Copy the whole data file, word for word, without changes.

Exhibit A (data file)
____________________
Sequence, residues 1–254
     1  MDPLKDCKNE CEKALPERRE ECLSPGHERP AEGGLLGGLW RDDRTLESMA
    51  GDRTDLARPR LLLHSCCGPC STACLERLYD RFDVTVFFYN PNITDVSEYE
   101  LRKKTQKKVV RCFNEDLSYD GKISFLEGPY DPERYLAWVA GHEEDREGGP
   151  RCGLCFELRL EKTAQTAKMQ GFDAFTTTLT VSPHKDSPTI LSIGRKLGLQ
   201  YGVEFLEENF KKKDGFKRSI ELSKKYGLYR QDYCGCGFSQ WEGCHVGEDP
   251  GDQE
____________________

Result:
Sequence, residues 1–254
     1  MDPLKDCKNE CEKALPERRE ECLSPGHERP AEGGLLGGLW RDDRTLESMA
    51  GDRTDLARPR LLLHSCCGPC STACLERLYD RFDVTVFFYN PNITDVSEYE
   101  LRKKTQKKVV RCFNEDLSYD GKISFLEGPY DPERYLAWVA GHEEDREGGP
   151  RCGLCFELRL EKTAQTAKMQ GFDAFTTTLT VSPHKDSPTI LSIGRKLGLQ
   201  YGVEFLEENF KKKDGFKRSI ELSKKYGLYR QDYCGCGFSQ WEGCHVGEDP
   251  GDQE